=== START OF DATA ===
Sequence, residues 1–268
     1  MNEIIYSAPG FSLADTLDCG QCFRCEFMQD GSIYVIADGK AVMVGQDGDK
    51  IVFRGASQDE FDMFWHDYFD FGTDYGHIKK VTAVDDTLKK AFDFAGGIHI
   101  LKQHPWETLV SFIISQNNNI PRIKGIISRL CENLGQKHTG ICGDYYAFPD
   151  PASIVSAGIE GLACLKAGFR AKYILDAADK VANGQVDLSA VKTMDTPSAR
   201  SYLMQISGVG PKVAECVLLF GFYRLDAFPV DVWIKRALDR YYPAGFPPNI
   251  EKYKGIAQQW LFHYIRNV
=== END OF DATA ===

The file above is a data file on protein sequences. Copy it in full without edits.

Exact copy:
Sequence, residues 1–268
     1  MNEIIYSAPG FSLADTLDCG QCFRCEFMQD GSIYVIADGK AVMVGQDGDK
    51  IVFRGASQDE FDMFWHDYFD FGTDYGHIKK VTAVDDTLKK AFDFAGGIHI
   101  LKQHPWETLV SFIISQNNNI PRIKGIISRL CENLGQKHTG ICGDYYAFPD
   151  PASIVSAGIE GLACLKAGFR AKYILDAADK VANGQVDLSA VKTMDTPSAR
   201  SYLMQISGVG PKVAECVLLF GFYRLDAFPV DVWIKRALDR YYPAGFPPNI
   251  EKYKGIAQQW LFHYIRNV